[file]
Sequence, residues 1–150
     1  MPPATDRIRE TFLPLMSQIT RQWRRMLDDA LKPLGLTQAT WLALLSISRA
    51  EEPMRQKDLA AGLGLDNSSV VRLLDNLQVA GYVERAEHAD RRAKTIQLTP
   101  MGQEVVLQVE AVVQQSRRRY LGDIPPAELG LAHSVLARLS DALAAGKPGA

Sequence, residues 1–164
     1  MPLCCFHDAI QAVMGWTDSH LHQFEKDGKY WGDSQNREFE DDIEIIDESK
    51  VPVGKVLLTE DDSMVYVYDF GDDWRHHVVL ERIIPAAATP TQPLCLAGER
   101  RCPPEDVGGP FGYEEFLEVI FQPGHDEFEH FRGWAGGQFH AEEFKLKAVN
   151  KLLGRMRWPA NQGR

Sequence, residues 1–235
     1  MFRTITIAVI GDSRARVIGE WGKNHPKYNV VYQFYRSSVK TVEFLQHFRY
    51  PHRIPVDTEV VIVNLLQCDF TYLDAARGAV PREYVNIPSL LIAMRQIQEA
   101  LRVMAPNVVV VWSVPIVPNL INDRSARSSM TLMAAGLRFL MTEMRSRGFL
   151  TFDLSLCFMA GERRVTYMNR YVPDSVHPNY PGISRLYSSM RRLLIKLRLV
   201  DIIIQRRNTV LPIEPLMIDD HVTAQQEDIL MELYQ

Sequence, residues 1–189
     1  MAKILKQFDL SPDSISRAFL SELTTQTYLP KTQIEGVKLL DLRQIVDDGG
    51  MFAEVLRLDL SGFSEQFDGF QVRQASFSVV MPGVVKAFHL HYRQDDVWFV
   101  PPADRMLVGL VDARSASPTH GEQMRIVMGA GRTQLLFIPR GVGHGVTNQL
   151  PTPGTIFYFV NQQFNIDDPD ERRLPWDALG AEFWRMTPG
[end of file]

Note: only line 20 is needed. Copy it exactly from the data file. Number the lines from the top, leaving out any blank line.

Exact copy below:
   151  PTPGTIFYFV NQQFNIDDPD ERRLPWDALG AEFWRMTPG